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Remoteness of Damage
In Re Polemis Facts
1. A ship, chartered to one of the parties, had a volume of benzine in the hold which leaked and produced a flammable gas.
2. The charterer's workers negligently dropped a plank into the hold.
3. The gas caught fire and destroyed the ship. IssueRemoteness of Damage - Direct damage
1. Bankes LJ (concurring)
The difference between proximate and remote consequence is a false dichotomy, the only real distinction that can be drawn is between direct and indirect consequence.
The same applies to a distinction between the type of damage that could be reasonably anticipated and the extent of damage that can be anticipated.
The only thing that is relevant when a breach of duty is proved, is what damage was the direct result of that breach.
Thus the charterers are liable for all the damage.
2. Warrington LJ (concurring)
The presence or absence of reasonable anticipation of damage determines the quality of the act as being either negligent or innocent.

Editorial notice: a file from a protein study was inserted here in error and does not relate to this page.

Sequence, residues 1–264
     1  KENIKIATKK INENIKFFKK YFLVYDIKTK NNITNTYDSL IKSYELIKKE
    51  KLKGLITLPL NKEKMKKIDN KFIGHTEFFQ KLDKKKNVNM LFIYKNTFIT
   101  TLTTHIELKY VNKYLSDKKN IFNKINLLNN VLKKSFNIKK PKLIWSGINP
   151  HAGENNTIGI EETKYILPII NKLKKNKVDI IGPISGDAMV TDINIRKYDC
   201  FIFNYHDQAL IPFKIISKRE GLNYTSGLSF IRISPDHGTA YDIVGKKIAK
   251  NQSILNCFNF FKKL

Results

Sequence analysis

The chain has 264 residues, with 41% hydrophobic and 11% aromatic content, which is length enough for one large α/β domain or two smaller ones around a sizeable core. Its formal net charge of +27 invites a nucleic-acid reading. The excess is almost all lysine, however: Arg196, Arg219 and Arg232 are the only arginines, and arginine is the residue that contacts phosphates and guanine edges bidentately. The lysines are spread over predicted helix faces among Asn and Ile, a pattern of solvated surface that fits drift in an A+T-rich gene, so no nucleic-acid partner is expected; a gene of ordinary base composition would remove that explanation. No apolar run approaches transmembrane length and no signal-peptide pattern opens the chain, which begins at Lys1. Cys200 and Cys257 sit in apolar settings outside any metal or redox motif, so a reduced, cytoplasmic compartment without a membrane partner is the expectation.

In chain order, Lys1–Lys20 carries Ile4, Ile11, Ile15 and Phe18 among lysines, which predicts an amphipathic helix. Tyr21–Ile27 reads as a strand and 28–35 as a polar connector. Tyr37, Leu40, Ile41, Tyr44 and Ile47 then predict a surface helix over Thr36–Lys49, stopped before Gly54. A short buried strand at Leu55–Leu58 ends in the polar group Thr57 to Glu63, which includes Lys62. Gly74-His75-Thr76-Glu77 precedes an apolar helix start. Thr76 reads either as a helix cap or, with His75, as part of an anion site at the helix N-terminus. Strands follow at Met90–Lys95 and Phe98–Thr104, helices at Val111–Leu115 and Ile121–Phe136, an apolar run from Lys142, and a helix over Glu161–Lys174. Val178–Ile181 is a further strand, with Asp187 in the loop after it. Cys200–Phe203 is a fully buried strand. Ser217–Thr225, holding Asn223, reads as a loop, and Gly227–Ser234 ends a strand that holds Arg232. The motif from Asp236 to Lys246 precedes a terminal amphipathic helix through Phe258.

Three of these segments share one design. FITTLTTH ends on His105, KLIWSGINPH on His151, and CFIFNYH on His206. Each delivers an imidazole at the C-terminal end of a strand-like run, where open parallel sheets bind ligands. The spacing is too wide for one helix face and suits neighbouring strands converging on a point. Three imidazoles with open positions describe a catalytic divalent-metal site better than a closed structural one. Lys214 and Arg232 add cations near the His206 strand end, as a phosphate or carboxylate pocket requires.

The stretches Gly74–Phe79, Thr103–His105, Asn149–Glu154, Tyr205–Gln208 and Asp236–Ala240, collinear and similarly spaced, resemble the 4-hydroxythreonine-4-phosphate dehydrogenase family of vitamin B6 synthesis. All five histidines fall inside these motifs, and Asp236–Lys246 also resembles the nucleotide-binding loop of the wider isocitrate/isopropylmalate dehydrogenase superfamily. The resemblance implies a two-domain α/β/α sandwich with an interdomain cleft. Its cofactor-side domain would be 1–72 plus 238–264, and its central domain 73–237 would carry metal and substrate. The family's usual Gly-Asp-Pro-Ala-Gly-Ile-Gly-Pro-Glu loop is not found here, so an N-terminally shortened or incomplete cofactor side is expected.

Damages recoverable are based on whether or not they are the direct consequence of the act.
Therefore the charterers are liable for all the damage flowing from their negligence.
3. Scrutton LJ (concurring)
Once an act is negligent, the question of its exact consequence being foreseeable is irrelevant.
Therefore the charterers are liable for all the damage.
The Wagon Mound Facts
1. The appellants were operating a ship that was discharging a volume of oil negligently into Sydney Bay.
2. The oil collected around the respondent's wharf and ignited.
3. The respondent's sued. IssueRemoteness of Damage - Foreseeability
1. Viscount Simmonds
Problems with Re Polemis: a) It rested on very little authority. b) It attatched liability to unforeseeable damage in the same way as to foreseeable damage. c) It was unsuited to the subtleties of a case such as this.
Polemis was not good law - there should be only one rule for culpability and for compensation.
The problem of causation is a more complex problem than is that of reasonable foreseeability.
Therefore the test of of what damage one should be liable for is that of reasonable foreseeability.
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